If the roots of Marcel Conche are in Corrèze, he does not feel like a man of loyalty to a land. “The only thing I’m loyal to is philosophy,” he says, determined. Loyalty to the child he was “who needed to go towards more knowledge, knowledge, truth…”
Carry the places in itself
However, Marcel Conche’s relationship with Corrèze is intense. “My soul is not in the places, but I carry them within me”, he wrote in Epicure in Corrèze, an autobiographical story with an eloquent title. We feel at home “where we have been happy”, he specified.
He was happy at La Maisonneuve, the house where he lives today. He lived there until the age of five with his maternal grandmother, “Maman Marie”, who took care of him after his mother’s death, until his father’s remarriage. From those years remains the memory of a simple and joyful daily life: walking in the woods with his two young aunts, drinking goat’s milk, returning with arms laden with loquats or summer fruits…
Back in this natural environment, the old man feels at his rightful place: “The hills, the sky, the Dordogne: it is the face of infinite nature which is in the inaccessible depths of things”, he describes. weighing his words. A structured whole, where “things are in their place”. “It’s reassuring, peaceful, quiet,” he shares.
In this setting of solitude, Marcel Conche can reflect on the essential, “what one cannot put aside”. He counts them three in number: “time, illness and death, nature”, he lists. “This is what the wise man lives with, trying to stay away from all the other things that men have added unnecessarily. »
“Let things happen as nature intended”
To live wisely, Marcel Conche relies on the teaching of nature. Around him, season after season, he contemplates the way in which it unfolds, gently, but irresistibly. “Nature progresses from the germ to the small shrub, to the big tree, he evokes. Its strength does not impose itself as a power: it begins with the least, the weak, the most restricted, to go towards the achieved, the completed, the fortified. »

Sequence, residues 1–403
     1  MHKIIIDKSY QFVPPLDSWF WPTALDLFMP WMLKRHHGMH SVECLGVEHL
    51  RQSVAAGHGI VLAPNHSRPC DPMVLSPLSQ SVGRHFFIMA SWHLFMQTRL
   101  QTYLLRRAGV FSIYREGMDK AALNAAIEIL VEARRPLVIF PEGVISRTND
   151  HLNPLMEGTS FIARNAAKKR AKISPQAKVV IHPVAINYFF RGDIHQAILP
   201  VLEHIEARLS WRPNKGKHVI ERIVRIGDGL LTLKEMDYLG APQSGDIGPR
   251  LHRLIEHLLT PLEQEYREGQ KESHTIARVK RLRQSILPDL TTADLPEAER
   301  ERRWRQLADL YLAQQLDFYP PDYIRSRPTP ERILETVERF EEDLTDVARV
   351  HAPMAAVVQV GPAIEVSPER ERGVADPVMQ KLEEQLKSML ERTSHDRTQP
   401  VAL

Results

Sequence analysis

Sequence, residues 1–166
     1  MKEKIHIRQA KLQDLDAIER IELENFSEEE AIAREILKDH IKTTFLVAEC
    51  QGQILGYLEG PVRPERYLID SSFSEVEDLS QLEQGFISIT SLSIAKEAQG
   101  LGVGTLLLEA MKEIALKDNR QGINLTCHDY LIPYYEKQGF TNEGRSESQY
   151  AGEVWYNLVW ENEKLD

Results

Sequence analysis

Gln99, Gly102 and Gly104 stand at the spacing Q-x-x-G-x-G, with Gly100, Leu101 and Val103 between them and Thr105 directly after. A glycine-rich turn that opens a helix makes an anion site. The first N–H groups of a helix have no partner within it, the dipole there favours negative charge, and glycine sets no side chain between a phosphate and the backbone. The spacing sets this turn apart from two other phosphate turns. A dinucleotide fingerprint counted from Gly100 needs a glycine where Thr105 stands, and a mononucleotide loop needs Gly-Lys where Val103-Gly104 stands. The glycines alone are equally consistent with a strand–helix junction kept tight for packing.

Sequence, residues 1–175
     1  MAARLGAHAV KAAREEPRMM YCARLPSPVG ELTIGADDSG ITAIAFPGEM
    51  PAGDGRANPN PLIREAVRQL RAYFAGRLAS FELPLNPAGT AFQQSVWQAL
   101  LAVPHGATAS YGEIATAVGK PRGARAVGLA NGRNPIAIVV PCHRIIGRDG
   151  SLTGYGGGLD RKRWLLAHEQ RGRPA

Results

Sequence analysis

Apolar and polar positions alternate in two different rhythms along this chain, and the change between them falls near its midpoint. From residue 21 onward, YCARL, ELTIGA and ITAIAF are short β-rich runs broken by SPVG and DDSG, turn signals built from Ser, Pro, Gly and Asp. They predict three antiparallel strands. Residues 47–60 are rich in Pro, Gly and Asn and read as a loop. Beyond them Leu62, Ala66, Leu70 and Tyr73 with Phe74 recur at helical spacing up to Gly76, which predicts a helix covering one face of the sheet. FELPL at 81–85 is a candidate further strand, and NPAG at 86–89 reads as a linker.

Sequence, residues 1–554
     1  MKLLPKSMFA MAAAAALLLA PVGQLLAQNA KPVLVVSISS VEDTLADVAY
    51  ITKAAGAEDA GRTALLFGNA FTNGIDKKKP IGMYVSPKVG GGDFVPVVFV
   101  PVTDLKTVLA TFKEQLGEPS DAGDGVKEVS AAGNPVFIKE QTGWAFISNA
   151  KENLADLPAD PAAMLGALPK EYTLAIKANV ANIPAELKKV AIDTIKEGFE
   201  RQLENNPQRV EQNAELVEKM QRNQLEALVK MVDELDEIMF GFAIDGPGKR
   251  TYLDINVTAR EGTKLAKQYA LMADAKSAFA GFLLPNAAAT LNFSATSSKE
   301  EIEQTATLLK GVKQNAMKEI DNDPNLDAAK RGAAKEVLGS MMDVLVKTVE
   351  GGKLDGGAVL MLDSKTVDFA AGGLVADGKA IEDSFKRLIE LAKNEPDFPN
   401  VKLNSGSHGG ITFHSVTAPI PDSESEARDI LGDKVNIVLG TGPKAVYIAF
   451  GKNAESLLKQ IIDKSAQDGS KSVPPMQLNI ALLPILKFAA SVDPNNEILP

This should be the case in our lives, where “for everything, there is a way, a tao”, assures the philosopher. You have to follow your own path, but “with subtlety, avoiding any violent use of force”.
For his old years, the philosopher had chosen to return to live at La Maisonneuve where he lived until the age of five. / Marc Chaumeil for The Cross
Marcel Conche does not evade the fact that nature unfolds to decline, “a natural thing”. He who pleaded for the right to die, today accepts the idea of “natural death”. “You have to die naturally, let things happen as nature wants them to,” he says.
On the “after”, he continues to profess a strict atheism. Formerly, he refused to dialogue philosophically with believers. Today, religious subjects punctuate the conversation: the evil and suffering of children, providence, sin… Curiosity for the last ends? Perhaps… But Marcel Conche built his rejection of God on a catechism that no longer exists and that he hardly has the strength – the desire? – to question.
The philosopher prefers to meditate on the Tao Te Ching: “The good man, I treat him with kindness, and the one who is not good, I also treat him with kindness: thus I obtain goodness” (chapter 49). “You will tell me that it is close to Christianity, isn’t it?, he notes with a smile. I wouldn’t say the opposite…” Before adding, almost immediately: “But faith is a grace that one has or does not have. I don’t have it”.
The Corrèze there and back, the philosophy always…
1922. Born in Altillac, in Corrèze.
1950. Agrégation in philosophy and teaching activity, until his retirement in 1988. Marcel Conche specializes in the study of pre-Socratic philosophers (Epicurus, Heraclitus, Parmenides, etc.) and publishes translations and commentaries on their works.
In parallel, he is interested in metaphysics and the great philosophical questions: death (La Mort et la pensee, 1974), time, destiny (Temps et destin, 1980), nature (Présence de la nature, 2001), freedom (La Liberté, 2011).
1956. Educated in the Christian faith, Marcel Conche rejects the idea of God, arguing that the suffering of children is an absolute evil “that cannot be justified from any point of view”.
In 1963,he discovers Montaigne whom he studies in
philosopher in Montaigne or the happy conscience (1964).
In the 2000s, he published a more literary work: his journals (in five volumes) and Epicure in Corrèze, an autobiographical account.
In 2001, he meets Émilie, a young Corsican, who will become a close friend. She introduced him to Eastern philosophy (Rumi, Attar) and the Tao Te King of Lao-Tseu, of which he published a translation and commentary in 2003.
In 2017, publication of Heraclitus, fragments recomposed (PUF) translated and commented by Marcel Conche.